Clicking with the right mouse button on any node, connection or port will display a pulldown menu for the corresponding item (see figure 2). For ports, this menu provides the ability to 'show' and 'introspect' the data. The 'Show Data' entry will open a data window for this port presenting a string representation (as obtained by the repr function) of the data currently available on that port. This window is dynamically updated every time the node is run. The 'Introspect Data' entry will open an object-browser window enabling the introspection of the data available on the port. The data object will be displayed as a node that can be recursively expanded to reveal all its attributes. The menu obtained by right-clicking on a connection provides entries to introspect or delete a connection. A node's menu has commands to introspect, run, delete, freeze/unfreeze and edit the node. When a node is deleted, all its connections are deleted too. The "edit" entry will open a node editor. This editor will be discussed in the next section. Freezing a node will prevent its execution along with the execution of any children nodes.

The network editor maintains a list of selected nodes and connections. The selection state of nodes can be toggled by dragging a box around a set of nodes (left mouse button). Selected nodes in the box will be deselected and deselected ones will be selected. Selected nodes can be deleted using the delete menu entry from the 'Edit' menu found in the menu bar at the top of the user interface. They can be moved (middle mouse button) or scaled (Shift and middle mouse button). The canvas can be scrolled using the scroll bars or by 'grabbing' the canvas using the right mouse button.

III - Network nodes

A network node provides a graphical user interface to a given computation. Except for trivial computations that only require a few lines of Python code to carry out their task, computational functions usually use functions and objects otherwise available in Python, and performing potentially complex tasks. Every node stores a list of input ports and a list of output ports. Each entry in these lists provides a dictionary suitable to be passed to the constructor of the port object. A node also stores a description of its widgets in a dictionary in which the key is the name of the port to which this widget will be bound, and the value is a dictionary used to instanciate the widget. When a node is added to a network, its ports and widgets are created from their descriptions. If a widget name matches an input port's name the widget is bound to that input port. Besides ports and widgets descriptors, nodes also store the source code of the function they run. This string has to be valid Python code and the function's signature has to match the list of input ports. The node's setFunction(code) method is used to compile the source code string and set the resulting code to be the function called when the node is triggered. The input ports will provide the arguments passed to this function at run time. Since multiple connections are allowed for every port, the data provided by any input port is usually a list. Input ports that are bound to a widget usually provide a single value or object. In order to output data, a node has to use its outputData(portName=values) method. Any number of (portName,value) pairs can be specified but the 'portName' has to match the name of an existing output port. The following Python code is the actual implementation of the 'Read Image' node from the Python Imaging Library. We will comment on the code line by line.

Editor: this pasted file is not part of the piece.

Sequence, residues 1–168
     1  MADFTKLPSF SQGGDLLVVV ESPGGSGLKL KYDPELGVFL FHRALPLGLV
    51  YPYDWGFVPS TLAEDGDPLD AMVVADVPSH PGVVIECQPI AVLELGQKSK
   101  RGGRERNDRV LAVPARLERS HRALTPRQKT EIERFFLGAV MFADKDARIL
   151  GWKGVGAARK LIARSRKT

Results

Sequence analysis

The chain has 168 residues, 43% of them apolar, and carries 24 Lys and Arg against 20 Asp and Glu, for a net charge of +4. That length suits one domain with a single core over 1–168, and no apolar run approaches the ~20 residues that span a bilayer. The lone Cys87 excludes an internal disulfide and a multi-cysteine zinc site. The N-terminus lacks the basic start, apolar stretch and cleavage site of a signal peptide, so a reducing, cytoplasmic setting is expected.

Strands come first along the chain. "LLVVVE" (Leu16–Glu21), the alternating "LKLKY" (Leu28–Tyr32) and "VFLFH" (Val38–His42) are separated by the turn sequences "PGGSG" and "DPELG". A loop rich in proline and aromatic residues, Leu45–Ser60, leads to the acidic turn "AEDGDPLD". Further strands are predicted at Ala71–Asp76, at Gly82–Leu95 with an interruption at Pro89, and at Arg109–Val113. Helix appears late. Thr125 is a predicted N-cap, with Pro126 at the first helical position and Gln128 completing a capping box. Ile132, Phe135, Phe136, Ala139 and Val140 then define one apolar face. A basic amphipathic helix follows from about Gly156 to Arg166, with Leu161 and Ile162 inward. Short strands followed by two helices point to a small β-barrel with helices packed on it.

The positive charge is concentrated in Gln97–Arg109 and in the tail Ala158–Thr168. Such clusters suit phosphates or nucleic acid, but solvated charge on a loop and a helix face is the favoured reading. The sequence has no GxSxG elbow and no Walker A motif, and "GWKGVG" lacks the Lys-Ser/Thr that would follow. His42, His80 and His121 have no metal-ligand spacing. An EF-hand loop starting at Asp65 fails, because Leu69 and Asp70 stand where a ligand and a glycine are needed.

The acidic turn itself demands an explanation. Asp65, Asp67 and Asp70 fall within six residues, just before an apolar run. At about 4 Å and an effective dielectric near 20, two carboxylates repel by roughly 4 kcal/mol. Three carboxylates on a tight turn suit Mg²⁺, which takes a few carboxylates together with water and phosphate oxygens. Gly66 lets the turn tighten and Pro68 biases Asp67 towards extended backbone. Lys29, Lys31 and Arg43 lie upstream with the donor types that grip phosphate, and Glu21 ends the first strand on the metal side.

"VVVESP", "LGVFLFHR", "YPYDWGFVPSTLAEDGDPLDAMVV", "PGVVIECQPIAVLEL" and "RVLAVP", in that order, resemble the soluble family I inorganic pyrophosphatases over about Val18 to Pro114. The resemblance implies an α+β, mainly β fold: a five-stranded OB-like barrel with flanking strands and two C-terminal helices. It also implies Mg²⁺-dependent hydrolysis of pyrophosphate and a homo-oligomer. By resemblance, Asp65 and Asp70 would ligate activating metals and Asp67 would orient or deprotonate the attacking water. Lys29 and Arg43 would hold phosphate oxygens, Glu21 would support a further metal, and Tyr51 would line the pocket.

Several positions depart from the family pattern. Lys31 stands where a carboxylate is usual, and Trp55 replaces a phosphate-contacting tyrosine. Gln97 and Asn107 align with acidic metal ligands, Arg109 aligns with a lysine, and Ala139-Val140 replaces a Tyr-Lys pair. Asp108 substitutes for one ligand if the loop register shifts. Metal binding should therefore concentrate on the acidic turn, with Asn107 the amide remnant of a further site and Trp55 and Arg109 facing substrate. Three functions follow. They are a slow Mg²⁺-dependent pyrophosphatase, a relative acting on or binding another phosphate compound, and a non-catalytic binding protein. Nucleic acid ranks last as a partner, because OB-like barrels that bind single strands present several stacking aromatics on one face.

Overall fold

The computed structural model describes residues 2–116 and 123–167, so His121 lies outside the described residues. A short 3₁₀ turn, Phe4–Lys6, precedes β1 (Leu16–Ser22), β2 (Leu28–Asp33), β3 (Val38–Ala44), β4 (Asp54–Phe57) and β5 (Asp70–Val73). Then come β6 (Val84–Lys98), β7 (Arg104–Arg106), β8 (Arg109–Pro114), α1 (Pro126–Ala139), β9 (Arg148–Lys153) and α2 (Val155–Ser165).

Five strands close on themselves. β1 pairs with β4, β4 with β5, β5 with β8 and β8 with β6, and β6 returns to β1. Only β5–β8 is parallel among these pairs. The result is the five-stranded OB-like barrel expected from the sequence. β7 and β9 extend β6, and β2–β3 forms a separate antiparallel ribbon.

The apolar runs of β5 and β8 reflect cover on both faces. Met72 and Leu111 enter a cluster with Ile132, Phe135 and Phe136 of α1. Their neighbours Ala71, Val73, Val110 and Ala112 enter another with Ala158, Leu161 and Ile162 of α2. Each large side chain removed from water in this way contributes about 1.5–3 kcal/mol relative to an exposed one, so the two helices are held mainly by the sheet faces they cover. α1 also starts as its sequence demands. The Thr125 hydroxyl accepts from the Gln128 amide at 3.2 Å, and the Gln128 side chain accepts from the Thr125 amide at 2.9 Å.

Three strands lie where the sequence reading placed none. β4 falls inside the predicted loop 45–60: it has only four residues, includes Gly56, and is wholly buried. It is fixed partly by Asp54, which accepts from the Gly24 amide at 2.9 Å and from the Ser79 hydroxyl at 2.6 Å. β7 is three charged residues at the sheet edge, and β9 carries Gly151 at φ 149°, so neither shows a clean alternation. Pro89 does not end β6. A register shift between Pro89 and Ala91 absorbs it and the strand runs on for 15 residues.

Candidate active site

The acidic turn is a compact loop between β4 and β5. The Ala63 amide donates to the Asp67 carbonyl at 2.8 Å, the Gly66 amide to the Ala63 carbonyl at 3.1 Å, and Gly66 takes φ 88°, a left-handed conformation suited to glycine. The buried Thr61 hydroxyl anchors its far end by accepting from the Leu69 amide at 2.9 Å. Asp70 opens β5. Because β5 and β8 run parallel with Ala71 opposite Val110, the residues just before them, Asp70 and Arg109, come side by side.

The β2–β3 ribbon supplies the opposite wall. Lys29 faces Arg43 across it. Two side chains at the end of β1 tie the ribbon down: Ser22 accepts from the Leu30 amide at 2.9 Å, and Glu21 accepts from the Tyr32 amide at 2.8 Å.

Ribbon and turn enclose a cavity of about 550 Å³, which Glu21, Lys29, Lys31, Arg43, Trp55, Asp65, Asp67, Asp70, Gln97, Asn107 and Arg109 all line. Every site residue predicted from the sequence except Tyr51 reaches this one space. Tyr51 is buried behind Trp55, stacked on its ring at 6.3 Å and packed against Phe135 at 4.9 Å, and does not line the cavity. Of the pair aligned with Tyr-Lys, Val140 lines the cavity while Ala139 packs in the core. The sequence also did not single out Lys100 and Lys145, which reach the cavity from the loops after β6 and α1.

1)	class ReadImage(NetworkNode):
2)	    """based on the Image.open function. Reads an image file
3)	       Input:  filename (string)
4)	       Output: Image"""
5)	    
6)	    def __init__(self, name='Read Image'):
7)	
8)	        apply( NetworkNode.__init__, (self,), {'name':name})
9)	        self.readOnly = 1
10)	
11)	        self.inputPortsDescr.append( 
12)	               {'name':'filename', 'datatype':'string'} )
13)	
14)	        self.outputPortsDescr.append(
15)	               {'name':'image', 'datatype':'image' })
16)	
17)	        self.widgetDescr['filename'] = 
18)	               {'class':NEEntryWithFileBrowser,
19)	                'master':'node',
20)	                'filetypes': [('all', '*')],
21)	                'title':'read image',
22)	                'width':10 }
23)	
24)	        code = """def doit(self, filename):
25)	                      import Image
26)	                      im = Image.open(filename)
27)	                      if im: self.outputData(image=im)\n"""
28)	
29)	        self.setFunction(code)

Line 1-8: NetworkNode is sub-classed to create a "read Image" node. The class documentation string will be exposed in the tooltip for that node.

Line 9: This node will not be editable. The user will be able to look at the source code of the functions but won't be allowed to modify it. In order to alter the node's behavior he would have to clone the node and edit the copy.

Lines 11-12: Definition of the only input port of this node: 'filename'. The name of this port has to match the argument of the function (line 24). This port will be required by default. In order to make it optional, one would have to add 'required':0 to the port's description. The type of data expected by this port is 'string', which is a pre-defined data type in ViPEr.